Myers Sponsors Stockings for Soldiers and Wreaths Across America by Karen Nelson Myers’ Mortuaries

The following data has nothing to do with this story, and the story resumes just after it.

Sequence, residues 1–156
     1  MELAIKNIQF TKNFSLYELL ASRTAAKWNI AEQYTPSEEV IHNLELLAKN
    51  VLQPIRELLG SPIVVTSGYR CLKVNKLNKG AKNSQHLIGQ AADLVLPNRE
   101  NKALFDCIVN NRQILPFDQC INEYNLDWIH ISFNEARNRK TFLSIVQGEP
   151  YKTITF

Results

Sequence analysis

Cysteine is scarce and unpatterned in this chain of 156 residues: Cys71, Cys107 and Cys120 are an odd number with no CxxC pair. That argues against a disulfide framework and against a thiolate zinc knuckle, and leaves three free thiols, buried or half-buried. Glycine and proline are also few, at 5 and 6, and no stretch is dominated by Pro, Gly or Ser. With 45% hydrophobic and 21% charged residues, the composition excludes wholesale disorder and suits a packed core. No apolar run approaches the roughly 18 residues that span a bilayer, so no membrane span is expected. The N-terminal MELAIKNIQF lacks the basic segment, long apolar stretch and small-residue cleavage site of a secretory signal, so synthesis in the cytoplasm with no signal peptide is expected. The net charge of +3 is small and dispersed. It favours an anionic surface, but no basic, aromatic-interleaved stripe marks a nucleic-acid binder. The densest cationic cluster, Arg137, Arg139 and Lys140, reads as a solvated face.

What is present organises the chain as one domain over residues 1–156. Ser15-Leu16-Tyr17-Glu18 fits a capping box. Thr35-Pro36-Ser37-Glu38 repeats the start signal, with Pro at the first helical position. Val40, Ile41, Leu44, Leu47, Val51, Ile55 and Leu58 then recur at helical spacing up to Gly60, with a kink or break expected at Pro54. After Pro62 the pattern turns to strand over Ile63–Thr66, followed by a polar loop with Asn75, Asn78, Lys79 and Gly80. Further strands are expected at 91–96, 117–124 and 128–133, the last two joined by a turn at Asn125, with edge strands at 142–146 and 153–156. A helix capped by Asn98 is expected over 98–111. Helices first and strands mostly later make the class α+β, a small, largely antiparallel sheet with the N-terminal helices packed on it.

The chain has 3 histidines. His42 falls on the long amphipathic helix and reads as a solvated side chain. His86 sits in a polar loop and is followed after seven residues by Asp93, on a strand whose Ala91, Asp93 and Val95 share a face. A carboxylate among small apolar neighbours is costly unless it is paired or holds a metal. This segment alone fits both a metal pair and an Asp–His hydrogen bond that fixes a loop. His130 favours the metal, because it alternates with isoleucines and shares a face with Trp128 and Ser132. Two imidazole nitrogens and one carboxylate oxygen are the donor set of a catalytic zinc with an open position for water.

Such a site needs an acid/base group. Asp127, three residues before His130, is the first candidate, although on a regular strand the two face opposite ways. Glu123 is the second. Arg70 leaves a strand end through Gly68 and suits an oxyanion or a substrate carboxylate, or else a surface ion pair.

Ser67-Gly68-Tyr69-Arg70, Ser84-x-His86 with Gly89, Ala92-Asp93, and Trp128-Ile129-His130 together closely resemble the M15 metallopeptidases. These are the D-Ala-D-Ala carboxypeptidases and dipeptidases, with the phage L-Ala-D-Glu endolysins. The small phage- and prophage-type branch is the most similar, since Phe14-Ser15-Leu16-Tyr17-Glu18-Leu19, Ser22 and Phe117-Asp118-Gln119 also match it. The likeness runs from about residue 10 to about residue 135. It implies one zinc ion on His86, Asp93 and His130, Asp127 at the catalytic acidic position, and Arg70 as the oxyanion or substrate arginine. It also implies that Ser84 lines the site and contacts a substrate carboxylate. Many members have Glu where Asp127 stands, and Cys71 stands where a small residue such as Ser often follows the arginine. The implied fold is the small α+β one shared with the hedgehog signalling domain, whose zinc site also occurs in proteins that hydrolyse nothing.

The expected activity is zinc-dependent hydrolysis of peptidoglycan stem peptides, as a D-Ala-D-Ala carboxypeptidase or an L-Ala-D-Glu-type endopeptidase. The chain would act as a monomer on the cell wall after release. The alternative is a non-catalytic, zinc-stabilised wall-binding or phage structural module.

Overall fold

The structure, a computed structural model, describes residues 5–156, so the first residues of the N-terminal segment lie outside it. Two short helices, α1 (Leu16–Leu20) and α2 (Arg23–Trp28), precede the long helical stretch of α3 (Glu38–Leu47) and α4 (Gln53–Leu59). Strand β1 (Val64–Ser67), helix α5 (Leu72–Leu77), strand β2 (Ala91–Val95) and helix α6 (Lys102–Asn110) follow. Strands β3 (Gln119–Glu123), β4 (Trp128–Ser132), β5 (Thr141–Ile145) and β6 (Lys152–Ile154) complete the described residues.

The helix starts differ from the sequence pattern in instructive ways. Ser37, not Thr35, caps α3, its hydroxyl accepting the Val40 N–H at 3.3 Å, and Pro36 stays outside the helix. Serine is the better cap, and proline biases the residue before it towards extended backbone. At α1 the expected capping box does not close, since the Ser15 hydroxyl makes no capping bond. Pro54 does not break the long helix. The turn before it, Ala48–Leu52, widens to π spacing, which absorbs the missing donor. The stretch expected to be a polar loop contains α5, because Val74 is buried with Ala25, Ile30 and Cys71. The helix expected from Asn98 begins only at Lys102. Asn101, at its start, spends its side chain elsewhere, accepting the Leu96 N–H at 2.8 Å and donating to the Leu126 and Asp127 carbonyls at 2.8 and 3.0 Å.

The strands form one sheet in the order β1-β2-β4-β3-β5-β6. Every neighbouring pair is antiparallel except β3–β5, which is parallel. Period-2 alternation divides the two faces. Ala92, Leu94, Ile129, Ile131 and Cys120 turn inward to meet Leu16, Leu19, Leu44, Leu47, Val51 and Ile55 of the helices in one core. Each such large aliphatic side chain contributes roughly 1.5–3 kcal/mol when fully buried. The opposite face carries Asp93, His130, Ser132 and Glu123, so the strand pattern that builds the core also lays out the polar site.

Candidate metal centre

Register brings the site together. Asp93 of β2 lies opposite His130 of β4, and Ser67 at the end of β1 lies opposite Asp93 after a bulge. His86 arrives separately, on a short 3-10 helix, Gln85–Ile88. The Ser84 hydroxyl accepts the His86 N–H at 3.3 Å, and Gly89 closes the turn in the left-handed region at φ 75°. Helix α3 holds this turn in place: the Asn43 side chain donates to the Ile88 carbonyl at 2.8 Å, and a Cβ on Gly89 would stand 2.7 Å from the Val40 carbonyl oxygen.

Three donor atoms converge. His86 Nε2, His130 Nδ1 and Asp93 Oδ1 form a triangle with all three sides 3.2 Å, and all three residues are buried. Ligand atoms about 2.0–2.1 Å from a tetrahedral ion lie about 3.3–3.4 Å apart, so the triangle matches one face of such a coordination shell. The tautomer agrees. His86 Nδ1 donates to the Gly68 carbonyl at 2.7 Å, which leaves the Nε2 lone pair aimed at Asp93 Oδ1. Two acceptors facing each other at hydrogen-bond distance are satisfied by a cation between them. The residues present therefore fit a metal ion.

This year the four Myers Mortuaries of Northern Utah will again be participating in the Wreaths Across America program, as well as the Stockings for Soldiers and their K-9 units. Myers is proud to honor our military each year. Wreaths Across America started in 1992 when 5000 Christmas wreaths were laid at Arlington National Cemetery. Last year wreaths were placed on all 245,000 gravestones in the cemetery and 1.2 mil wreaths were placed at 1,280 other locations. Myers began working with Wreaths Across America in 2010. Along with the local VFW, and other military organizations, Myers places seven ceremonial wreaths at 24 cemeteries in Northern Utah, as well as placing wreaths on hundreds of individual gravesites. For a $15 donation anyone, or any group, can sponsor a wreath to adorn a veteran’s grave. You may buy one to be placed personally, or one you donate to be placed by Myers. The first year Myers participated in Stock- ings for Soldiers we filled 47 stockings, and have since have filled more than 700 stockings in a single year. We realized what a stocking from home could mean to our soldiers abroad, that they are remembered. Myers distributes stockings to area residents and businesses and asks them to fill them with small items such as vitamins, chewing gum, crossword puzzles, lip balm, etc. It is our hope to fill more than 700 stock- ings this year. We are also filling K-9 stockings with cooling collars, eye drops, mats, boots, etc. If you are interested in supporting either of these great programs, please call the Myers Mortuary near you. All donations must be collected by November 20. This is a great project for scouts, 4H, companies, schools and clubs. Wreaths will be placed in Box Elder County and Ogden December 16, as well as a a ceremony at the George Whalen Veterans’ Home the same day. For more information about these programs, or to sponsor a wreath, you can go online at www.wreathsacrossamerica.org or www.adoptaghost.org.